- Determining when COBRA coverage will end. Some situations will require immediate changes to group health plans' procedures. For example, for an individual who loses health coverage under a group health plan because of a termination of employment or reduction in hours and was entitled to receive retirement benefits from the Pension Benefit Guaranty Corporation at that time, it extends the period during which the plan must provide COBRA coverage to the date the individual dies (or 24 months later in the case of the individual's family). For an individual who loses health coverage in the same situation and was TAA-eligible at that time, it extends the period for as long as the individual remains TAA-eligible (or 24 months later in the case of the individual's family). Both changes apply regardless of whether the individual is actually entitled to or receiving the HTHC.
The accounting office at an institution will be faced with the difficulty of managing this new benefit and may want to meet internally with human resource and payroll staff to ensure that interpretation of the legislation is managed correctly. The Government Accounting Standards Board Statement No. 24 regarding on-behalf payments provides information on fringe benefits and is where institutions would record revenue and expense for the benefit. This statement requires employer governments to recognize revenue and expenditures or expenses for these on-behalf payments. Revenue should equal the amounts that third-party recipients have received and that are receivable at year-end for the current fiscal year.
Based on the Initial Implementation Guidance for ARRA from the Office of Management and Budget, it appears that institutions would record revenue and expense for the subsidy on the Schedule of Expenditures for Federal Awards (SEFA). The guidance also indicates that there should be new CFDA (catalog for federal domestic assistance) numbers added specifically for the ARRA programs (see section 5.4).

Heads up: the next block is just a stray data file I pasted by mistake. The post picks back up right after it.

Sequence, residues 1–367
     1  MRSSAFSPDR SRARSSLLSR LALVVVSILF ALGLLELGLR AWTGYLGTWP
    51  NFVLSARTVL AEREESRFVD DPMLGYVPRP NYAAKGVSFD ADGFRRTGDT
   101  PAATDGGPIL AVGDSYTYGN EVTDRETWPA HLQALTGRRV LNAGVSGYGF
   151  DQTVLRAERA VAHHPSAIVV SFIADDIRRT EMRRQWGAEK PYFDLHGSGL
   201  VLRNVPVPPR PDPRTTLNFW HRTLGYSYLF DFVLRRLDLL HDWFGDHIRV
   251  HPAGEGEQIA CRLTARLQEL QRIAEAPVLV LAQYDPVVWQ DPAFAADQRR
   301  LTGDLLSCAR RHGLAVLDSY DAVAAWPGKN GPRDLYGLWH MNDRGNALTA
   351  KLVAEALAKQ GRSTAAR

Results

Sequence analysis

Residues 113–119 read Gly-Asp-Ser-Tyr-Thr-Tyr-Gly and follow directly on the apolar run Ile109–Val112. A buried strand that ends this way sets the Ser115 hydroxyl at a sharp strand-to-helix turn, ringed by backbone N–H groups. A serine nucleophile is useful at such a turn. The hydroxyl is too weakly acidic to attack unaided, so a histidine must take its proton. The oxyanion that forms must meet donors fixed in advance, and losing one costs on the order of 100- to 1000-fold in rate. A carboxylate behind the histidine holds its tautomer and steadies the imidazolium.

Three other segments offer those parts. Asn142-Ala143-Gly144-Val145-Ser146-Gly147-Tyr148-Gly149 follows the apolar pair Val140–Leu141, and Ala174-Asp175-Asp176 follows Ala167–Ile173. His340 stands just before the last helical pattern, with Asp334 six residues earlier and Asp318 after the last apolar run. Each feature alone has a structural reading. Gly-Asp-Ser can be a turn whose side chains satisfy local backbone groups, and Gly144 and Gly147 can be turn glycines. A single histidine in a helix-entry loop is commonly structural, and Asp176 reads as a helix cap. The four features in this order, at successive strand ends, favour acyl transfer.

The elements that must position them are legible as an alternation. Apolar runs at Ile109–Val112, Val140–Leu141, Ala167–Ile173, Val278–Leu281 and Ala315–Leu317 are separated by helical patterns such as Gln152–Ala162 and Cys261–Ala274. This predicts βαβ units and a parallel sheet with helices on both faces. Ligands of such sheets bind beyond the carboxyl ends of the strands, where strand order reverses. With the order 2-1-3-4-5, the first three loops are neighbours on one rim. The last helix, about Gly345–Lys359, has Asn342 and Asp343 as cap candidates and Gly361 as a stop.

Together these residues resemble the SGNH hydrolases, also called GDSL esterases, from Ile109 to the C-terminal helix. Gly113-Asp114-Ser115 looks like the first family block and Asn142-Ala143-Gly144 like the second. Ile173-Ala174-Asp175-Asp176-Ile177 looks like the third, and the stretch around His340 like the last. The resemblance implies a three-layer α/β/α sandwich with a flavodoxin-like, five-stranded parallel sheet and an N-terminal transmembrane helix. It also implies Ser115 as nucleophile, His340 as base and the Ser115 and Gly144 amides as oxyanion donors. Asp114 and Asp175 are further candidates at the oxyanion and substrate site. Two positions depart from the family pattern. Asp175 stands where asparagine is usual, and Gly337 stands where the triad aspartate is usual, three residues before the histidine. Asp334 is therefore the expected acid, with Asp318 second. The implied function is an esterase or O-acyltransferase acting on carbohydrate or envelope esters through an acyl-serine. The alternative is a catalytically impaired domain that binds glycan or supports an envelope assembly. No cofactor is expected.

Human Resource Preparation
Designing a termination program. Institutions should take the following two features into account when designing termination to either maximize federal COBRA assistance or determine ineligibility.
1. Simply speaking, the 35 percent and 65 percent amounts are based on the premiums that the plan would otherwise charge for COBRA coverage under the plan without the new subsidy. So, for example, if the plan charges the full 102 percent of the COBRA premium that it is allowed to charge in most cases, the individual must pay 35 percent of the 102 percent of premiums charged by the plan to qualify for the subsidy. The institution will be entitled to reimbursement for the remaining 65 percent of the 102 percent of premiums charged.
On the other hand, if the plan charges only 50 percent of that cost, the individual will be responsible to pay only 35 percent of the 50 percent charged by the plan, and the institution will be entitled to reimbursement for only 65 percent of the 50 percent charged. Similarly, if the plan charges nothing for COBRA coverage, then no subsidy or reimbursement is available. Institutions that are already subsidizing COBRA coverage for terminated employees might wish to consider whether the arrangement can be modified for the same purpose.
2. Although the ARRA does not define "involuntary termination," this is an essential requirement for the subsidy. Clarity on this definition is critical, and more language will most likely follow. For example, clarification is necessary in the case of employees who leave under institution-initiated separation window programs in downsizing situations or for good reason. Despite this uncertainty, an institution that is reimbursed for providing the subsidy must give the IRS an "attestation of involuntary termination of employment" for each employee for whom the reimbursement is claimed. Institutions should take this limitation into account as a potential benefit if employees are deemed to be involuntarily terminated.